Oprah Winfrey was not the first person to host a talk show on television. But she revolutionized the genre. And with her grand personality, her multi-platform business plan and her relentless messages of positivity and self-improvement, she managed to infiltrate American life from all angles.
This week, as Oprah's show airs its final episode 25 years after it began, insights are beginning to emerge about just how deeply she has influenced our lives.
Oprah didn't just transform daytime talk shows from gossipy to intimate, after all. She also broke down the traditional barriers of journalism. She transformed the book-publishing industry. She made the very private very public. And she prepared a mass audience to celebrate differences among people, regardless of color, disabilities or sexual orientation.
"I cannot understate the impact that she has had on our culture," said Mary McNamara, a television critic at the Los Angeles Times. "You see it everywhere, from the explosion of memoirs to social media to journalists sharing their own opinions and own stories. That all started with Oprah."
Before Oprah, talk-show hosts of the 1960s, such as Johnny Carson, Merv Griffin and Mike Douglas, stuck with celebrity guests and objective discussions about politics, music, movies and other aspects of pop culture, said Janice Peck, an expert in media and culture at the University of Colorado, Boulder, and author of "The Age of Oprah: Cultural Icon for the Neoliberal Era."
In the 1970s, Phil Donahue became the first host to invite everyday people onto his show and to walk the aisles, inviting the audience to join the conversation. Soon after, Barbara Walters began shocking viewers of 20/20 by asking questions that sometimes made her celebrity guests cry.
But when Oprah entered the talk show scene in 1986, she "just blew the whole thing open," McNamara said. "The only thing she was interested in was what made you feel, what made you cry, what you were scared of, what you were proud of. She was interviewing people as if she was talking to a child, getting to the bare emotional core."
While hosts like Geraldo Rivera and Sally Jessy Raphael were pursuing similar formats, Oprah first set her self apart in a pivotal episode in November 1987. The show featured both victims of sexual abuse and their molesters. During the conversation, Oprah confessed that she, too, had been molested as a child.
"When she did that, she changed the nature of journalism," McNamara said. "She became part of the audience and part of the people she was interviewing. She blurred everything together."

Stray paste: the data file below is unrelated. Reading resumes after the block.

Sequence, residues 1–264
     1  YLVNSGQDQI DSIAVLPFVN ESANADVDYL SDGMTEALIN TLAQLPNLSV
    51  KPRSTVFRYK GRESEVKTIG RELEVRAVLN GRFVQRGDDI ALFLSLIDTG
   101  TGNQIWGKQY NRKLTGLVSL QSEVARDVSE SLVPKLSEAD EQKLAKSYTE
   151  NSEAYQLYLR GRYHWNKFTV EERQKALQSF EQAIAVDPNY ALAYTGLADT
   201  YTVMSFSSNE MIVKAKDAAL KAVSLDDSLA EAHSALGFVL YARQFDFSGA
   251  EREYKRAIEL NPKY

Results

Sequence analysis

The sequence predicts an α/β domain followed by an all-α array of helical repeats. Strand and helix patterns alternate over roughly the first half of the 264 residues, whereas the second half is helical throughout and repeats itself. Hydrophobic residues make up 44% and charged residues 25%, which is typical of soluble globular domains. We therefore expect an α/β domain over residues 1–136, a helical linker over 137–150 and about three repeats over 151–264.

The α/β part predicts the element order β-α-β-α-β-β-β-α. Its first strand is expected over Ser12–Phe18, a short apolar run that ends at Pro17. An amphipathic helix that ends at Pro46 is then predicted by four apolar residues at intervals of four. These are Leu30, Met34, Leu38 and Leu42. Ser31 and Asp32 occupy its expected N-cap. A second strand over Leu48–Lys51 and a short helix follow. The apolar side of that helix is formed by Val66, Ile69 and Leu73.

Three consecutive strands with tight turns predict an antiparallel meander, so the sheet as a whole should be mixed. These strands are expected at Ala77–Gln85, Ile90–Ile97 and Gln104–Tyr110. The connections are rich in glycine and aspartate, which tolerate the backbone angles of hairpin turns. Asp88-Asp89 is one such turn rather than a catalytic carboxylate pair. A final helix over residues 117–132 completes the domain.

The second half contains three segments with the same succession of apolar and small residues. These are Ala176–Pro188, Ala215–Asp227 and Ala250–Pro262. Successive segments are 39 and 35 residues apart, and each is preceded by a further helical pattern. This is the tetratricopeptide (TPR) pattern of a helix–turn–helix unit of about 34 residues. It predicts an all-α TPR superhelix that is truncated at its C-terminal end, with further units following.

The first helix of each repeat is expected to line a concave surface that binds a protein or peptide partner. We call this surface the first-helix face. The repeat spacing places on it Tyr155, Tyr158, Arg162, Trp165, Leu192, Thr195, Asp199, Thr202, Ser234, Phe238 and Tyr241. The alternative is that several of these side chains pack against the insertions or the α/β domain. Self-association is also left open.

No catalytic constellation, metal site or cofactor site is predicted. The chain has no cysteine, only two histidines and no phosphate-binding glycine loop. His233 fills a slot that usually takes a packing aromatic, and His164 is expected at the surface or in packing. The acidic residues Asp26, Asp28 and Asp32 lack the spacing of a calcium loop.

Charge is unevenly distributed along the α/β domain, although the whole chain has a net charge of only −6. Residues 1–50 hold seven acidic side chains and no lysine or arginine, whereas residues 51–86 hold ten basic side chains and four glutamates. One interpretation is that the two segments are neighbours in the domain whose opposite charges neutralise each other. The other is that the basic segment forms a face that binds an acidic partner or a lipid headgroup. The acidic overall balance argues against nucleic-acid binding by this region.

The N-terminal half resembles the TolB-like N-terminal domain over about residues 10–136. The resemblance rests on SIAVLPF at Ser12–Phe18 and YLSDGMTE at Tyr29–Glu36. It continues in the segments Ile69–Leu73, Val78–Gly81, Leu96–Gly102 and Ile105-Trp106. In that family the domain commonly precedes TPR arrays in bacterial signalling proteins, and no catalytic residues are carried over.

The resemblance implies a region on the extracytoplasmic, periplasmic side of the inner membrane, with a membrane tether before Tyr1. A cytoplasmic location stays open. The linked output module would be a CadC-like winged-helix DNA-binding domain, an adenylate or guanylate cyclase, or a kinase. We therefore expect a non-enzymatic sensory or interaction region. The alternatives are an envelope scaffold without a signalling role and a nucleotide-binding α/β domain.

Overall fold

Another turning point came in 1994. By then, Oprah was getting sucked into the demand for sensationalism on talk shows hosted by Jerry Springer, Ricki Lake, Montel Williams and others. Deliberately, she made a decision to separate herself from what she called the "trash pack." Instead, she focused on positive, therapeutic and inspiring themes, aiming to help people to find their best selves.
With those messages, Peck said, Oprah managed to both satisfy and create a growing demand for just what she had to offer. The 1980s and 1990s were a period when the country was moving rightward politically toward a period of neoliberalism, according to Peck, with a cultural emphasis on the responsibility of individuals to look inward and change their own lives.
"She really tapped into a deeply American idea of self-transformation and the power of the mind, that if we have the right attitude and positive thinking, we can transform our situation," Peck said. "Her message resonated because it tapped into these powerful economic, political, spiritual and social currents happening inside culture at the same time."
Oprah's message also resonated because she distributed it through a dizzying number of platforms, including her talk show, her magazine, her book club and next, her new network. (OWN is a joint venture between Oprah Winfrey and Discovery Communications.) These many Oprah outlets continue to influence culture in countless ways.
The publishing industry, for one, has begun commissioning books that fit into the mold of Oprah's book club picks, and the memoir genre has exploded since she started the club. Libraries recommend books that are similar to Oprah's picks. And bookstores have entire sections devoted to books that she has recommended.
Even print journalists now look for opportunities to insert personal anecdotes into their articles. "In news organizations," McNamara said, "you see this idea that a story hasn't been truly reported until the reporter reports on the reporting."
Perhaps most of all, Oprah has taught people how to accept others who are not like them. Viewers barely blink an eye at popular shows like "Modern Family" and "Glee," which feature gay couples and kids in wheelchairs, said McNamara.
McNamara also pointed to a recent documentary about Cher's transgender son, Chaz, and his transformation from woman to man. In the film, Chaz's grandmother says in an interview that she accepts her grandson because she saw something similar on Oprah.
"This is Cher's son, growing up in a rarified atmosphere and exposed to all sorts of different people," McNamara said. "But it was Oprah who told this woman that it was OK to be transgender."
"That was the service she provided," she added. "She said we are all essentially the same. And she celebrated our differences."